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THEORY


Subluxation As A Social/Cultural Imitation:  Resolving A Phylobiological Epiphenomenon, Part 2

Mark R. Filippi, D.C.

Journal of Vertebral Subluxation Research ~ Volume 3 ~ Number 4 ~ Pages 1-13

 

Abstract


In Part I of this paper, a thesis was presented that recasts subluxation as an information-based, process-oriented phylobiological epiphenomenon. Subluxation, as a process, was made distinct from the model of vertebral subluxation as proposed by Palmer. Subluxation, in this viewpoint, was then considered a social/cultural imitation (SCI) that was physically and mentally filtered through individuals based on the state of the organism as a whole existing in multidimensional environments. This thesis was supported in the social sciences historically by the work of Trigant Burrow, an early 20th century psychoanalyst, who successfully demonstrated that humans developed two complementary neurophysiological modes of attention with the evolution of modern language. He called his new field phylobiology. This discipline sought to understand how language shaped man’s individual and collective experience as a body of humanity. It led to what he termed a social neurosis, which spanned the gamut of mental and nervous disorders unattributed to cultural disorder and contradiction between man’s biological roots and social domain. Other concepts were also discussed such as suggesting that subluxation be viewed more as a meme, a unit of cultural imitation. The activation of the self-organizing aspect of the nervous system underscores what can be termed a virtual adjustment, an intangible, yet realistic manifestation of ontosomatic cotention or biological resonance. Once propagated through the non-biological vector of memetic driving, this coherent information can be exchanged and imitated socially/culturally. Part II deals with octal coding, used as a portable instructional mode of self care. It is postulated to guide individual and collective social awareness back to a predominantly harmonic, cotentive mode of functioning. The recursive design of octal coding creates an avenue to develop a virtual adjustment. Chiropractic adjustments are then converted into a forum to crystallize subluxation profiling skills through the innate language of pattern recognition. The implications on both a clinical chiropractic and interdisciplinary research level are addressed and several applications are explored in detail.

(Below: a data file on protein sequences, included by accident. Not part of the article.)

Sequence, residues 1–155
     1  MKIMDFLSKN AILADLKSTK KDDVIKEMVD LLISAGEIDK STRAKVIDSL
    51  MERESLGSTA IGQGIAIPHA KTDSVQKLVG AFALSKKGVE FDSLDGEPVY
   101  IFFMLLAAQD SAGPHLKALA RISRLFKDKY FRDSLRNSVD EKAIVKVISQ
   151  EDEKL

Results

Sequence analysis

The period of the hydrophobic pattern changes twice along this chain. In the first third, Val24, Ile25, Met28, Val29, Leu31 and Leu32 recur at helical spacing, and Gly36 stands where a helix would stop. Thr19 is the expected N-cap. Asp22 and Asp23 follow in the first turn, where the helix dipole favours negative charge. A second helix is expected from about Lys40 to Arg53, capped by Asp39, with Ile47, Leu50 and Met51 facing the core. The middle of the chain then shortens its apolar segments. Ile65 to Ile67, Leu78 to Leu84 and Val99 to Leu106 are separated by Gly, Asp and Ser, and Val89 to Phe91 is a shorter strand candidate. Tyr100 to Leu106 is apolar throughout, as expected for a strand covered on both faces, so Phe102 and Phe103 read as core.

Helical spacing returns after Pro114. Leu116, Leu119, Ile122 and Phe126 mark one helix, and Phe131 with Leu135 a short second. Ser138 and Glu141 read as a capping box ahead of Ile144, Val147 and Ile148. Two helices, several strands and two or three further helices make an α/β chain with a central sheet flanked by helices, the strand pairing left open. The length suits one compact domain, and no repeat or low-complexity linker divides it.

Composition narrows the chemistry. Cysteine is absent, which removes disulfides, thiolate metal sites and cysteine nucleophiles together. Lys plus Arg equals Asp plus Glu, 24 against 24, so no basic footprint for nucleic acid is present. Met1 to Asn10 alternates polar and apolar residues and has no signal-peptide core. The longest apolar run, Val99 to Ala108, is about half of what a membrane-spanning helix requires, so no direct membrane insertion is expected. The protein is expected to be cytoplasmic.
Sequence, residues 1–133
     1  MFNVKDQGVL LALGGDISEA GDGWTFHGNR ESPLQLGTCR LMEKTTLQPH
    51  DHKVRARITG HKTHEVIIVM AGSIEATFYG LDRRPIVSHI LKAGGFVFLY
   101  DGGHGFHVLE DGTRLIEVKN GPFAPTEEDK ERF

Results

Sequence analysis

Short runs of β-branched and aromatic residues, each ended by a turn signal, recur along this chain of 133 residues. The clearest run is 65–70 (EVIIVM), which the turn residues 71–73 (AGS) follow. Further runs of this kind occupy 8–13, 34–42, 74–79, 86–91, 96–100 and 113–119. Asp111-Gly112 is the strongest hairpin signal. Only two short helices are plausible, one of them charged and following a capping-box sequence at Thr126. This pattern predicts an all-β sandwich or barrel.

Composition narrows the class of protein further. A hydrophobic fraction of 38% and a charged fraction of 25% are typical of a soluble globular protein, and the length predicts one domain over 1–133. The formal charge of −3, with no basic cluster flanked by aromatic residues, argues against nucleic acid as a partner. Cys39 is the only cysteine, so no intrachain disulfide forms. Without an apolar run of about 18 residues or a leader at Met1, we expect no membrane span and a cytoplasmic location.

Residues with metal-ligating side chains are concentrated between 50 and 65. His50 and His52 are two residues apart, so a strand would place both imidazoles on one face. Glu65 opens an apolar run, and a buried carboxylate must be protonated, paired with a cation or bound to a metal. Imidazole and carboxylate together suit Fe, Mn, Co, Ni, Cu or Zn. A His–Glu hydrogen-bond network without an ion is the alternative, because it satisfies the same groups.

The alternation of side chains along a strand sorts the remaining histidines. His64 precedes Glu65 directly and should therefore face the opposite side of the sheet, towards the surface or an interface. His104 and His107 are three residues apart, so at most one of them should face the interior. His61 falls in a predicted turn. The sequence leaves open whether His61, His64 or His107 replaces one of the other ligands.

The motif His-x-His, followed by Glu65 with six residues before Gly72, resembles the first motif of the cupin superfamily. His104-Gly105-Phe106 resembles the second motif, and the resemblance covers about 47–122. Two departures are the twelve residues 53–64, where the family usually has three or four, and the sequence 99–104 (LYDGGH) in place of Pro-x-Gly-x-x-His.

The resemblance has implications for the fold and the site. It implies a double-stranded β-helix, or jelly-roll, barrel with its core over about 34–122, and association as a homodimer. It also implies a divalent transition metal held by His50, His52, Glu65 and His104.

Key Words:   Vertebral subluxation, chiropractic, coherence, retracing, ecosomatic, affluent systems, biotic message, octal coding 


 

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